Well, several thousand words in and there’ve been painful lessons. No wonder some authors make their readers wait 10 years like Donna Tartt.
I got masses of guidance from people who’d loved my debut novel One Night at the Jacaranda. It was well meant, and some of it made sense. Of course I’d keep the action in London. My new book is a sequel so I’m hardly going to move all the characters to an island in the Indian Ocean (although they could all holiday together, which might need research…).
I’m less sure about the suggestion of south London as a location. North Londoners like me just don’t go there. Why would we? More to the point, how? Public transport is dire south of the Thames, and cabbies won’t go there after dark.
People told me that new readers should know a little of what went on in the first book. But when a friend said “Explain the back story”, I thought Not bloody likely!
Explaining, like telling, is poisonous to stories, as Jessica Bell so clearly shows in Show Don’t tell in a Nutshell. It’s like salt to a slug, lilies to cats, peanuts to an allergy patient, or grapefruit to someone taking statins (Jess, when’s Similes and Metaphors in a Nutshell coming out?).
Another suggestion: “Include more issues.” Yes, One Night at the Jac did have darker undertones than most chick-lit, so maybe this is a trend to continue. There was no shortage of ideas: surrogacy, gay marriage, far-right politics, female genital mutilation. At this rate my book would have more issues than Vogue.
I received most advice about characters. Some characters, like Sanjay’s family, were so popular that readers begged me to bring them back for an encore. Obviously I’m adding a few new ones too, so just two chapters in and my new novel bears more than a passing resemblance to Ben Hur. Without the chariots. Though, actually, why not chariots? They might be handy in south London.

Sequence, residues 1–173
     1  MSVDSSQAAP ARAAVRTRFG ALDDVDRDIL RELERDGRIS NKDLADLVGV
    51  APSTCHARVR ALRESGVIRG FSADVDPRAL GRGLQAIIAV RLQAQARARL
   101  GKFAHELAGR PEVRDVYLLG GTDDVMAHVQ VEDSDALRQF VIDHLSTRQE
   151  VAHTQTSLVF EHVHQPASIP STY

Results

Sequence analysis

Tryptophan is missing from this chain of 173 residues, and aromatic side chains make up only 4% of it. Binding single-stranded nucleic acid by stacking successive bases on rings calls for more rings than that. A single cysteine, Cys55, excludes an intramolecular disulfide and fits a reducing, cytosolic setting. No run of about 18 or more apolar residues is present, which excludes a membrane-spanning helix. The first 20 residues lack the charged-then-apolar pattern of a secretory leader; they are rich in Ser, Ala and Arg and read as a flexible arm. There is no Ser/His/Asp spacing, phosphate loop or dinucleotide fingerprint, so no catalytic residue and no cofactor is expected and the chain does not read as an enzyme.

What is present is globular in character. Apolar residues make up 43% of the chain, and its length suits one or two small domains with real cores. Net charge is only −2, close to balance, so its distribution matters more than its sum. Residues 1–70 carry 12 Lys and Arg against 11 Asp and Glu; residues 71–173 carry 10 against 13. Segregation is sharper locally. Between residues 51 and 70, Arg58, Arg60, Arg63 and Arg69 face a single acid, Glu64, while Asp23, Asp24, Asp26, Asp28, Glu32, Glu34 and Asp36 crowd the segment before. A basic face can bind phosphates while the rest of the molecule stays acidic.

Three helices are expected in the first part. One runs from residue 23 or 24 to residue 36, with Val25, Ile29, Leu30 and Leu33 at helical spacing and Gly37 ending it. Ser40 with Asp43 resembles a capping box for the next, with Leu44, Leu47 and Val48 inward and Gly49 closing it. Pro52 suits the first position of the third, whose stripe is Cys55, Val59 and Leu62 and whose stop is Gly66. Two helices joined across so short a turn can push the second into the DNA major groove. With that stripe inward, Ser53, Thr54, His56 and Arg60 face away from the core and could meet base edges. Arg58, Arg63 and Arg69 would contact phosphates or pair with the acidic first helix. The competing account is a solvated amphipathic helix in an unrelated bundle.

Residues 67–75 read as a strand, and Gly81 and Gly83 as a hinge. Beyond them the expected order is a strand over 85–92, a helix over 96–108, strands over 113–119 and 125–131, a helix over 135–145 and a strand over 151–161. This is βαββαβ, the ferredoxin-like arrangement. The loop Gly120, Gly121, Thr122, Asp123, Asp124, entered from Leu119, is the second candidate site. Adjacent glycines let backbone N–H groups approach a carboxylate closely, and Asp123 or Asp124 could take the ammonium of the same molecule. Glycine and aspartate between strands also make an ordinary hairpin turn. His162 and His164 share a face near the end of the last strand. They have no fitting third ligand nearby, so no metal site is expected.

Some people wanted more cats. In One Night at the Jac three cats have major roles and several dogs have walk-on parts. I was thinking of adding rats to the sequel, now that I’ve heard about Hero Rats that can detect landmines. But what am I writing here? Animal Farm?
A couple of friends wanted to be in the book, or, failing that, have a character named after them. Another said she’d dreamed up the perfect name. I haven’t yet found a use for Lady Ponsonby-Smythe-Pinksy (aka Sugar) in my novel, but I’ll keep an open mind.
That may be the problem. By now my mind is so open that my brain is falling out. Take all these ideas on board and I’d end up with one of those novels where each chapter is written by someone different, and nothing actually happens. Except sex.
So I’m going to do what I did with the first novel, and write to please myself. I suggest you do too.
But don’t take my advice.
Was your second novel daunting to write? How did you get through it?
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